Tuesday, January 5, 2016

The world goes for Organic Farming - a turnaround in Green Revolution

Let's promote organic farming for better health and well-balanced environment.
Dr Abe V Rotor
Living with Nature - School on Blog
Paaralang Bayan sa Himpapawid with Ms Melly C Tenorio
738 DZRB AM 8 to 9 evening class Mon to Fri

Bt corn is perhaps the most controversial genetically engineered crop. It carries genetic materials from a bacterium known to be harmful to insects and other organisms - suspectedly to humans as well. Bt corn and other GMOs pollute permanently the natural gene pool, and there's no way to stopping its spread because engineered genic materials are passed on generation after generation,  ad infinitum - and cannot be cleaned up like other pollutants including nuclear fallout.

Eat more fruits and vegetables, those grown organically – without chemical fertilizers and pesticides, antibiotics, and the like, and above all – not genetically modified. You will live a healthier and longer life - and be kind to Nature, too.

It is true. The whole world is going green and organic. It is the current Green Revolution that provides the foundation of sustainable agriculture, balanced ecology, and healthier and longer life.

Here is a basic comparison between conventional farming and organic farming:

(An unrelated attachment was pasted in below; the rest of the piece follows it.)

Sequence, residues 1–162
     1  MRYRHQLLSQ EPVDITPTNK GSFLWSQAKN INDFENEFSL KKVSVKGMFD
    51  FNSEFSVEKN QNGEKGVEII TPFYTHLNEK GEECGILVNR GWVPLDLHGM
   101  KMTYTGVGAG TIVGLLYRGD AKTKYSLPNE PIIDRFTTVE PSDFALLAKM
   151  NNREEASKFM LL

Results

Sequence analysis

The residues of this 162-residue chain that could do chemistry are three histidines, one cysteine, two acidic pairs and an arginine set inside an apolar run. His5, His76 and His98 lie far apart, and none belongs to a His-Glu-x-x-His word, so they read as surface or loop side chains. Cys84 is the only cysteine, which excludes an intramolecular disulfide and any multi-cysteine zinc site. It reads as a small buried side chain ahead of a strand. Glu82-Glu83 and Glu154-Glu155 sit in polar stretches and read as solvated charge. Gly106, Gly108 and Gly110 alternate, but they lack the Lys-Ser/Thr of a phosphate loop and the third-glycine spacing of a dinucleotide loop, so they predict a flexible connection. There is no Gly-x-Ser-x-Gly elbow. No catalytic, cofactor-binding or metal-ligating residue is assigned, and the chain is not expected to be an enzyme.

Conventional farming vs Organic farming

• Apply chemical fertilizers to promote plant growth. /Apply natural fertilizers, such as manure or compost, to feed soil and plants.

• Spray insecticides to reduce pests and disease. /Use beneficial insects and birds, mating disruption or traps to reduce pests and disease.

• Use chemical herbicides to manage weeds. /Rotate crops, till, hand weed or mulch to manage weeds.

• Give animals antibiotics, growth hormones and medications to prevent disease and spur growth. /Give animals organic feed and allow them access to the outdoors. Use preventive measures — such as rotational grazing, a balanced diet and clean housing — to help minimize disease.

As one who grew up in a farm and practitioner of organic farming, here are other features of organic farming, which I would like to contribute.

1. Minimized wastage. Example: gleaning of grains is done by chicken.

2. Milling of grains practically leaves no waste, even the hull is ground with bran to serve as natural fiber and roughage for animals and fish.

3. Less mess and odor on the farm through efficient recycling. Farm wastes – crop residues and animal waste - immediately go to composting.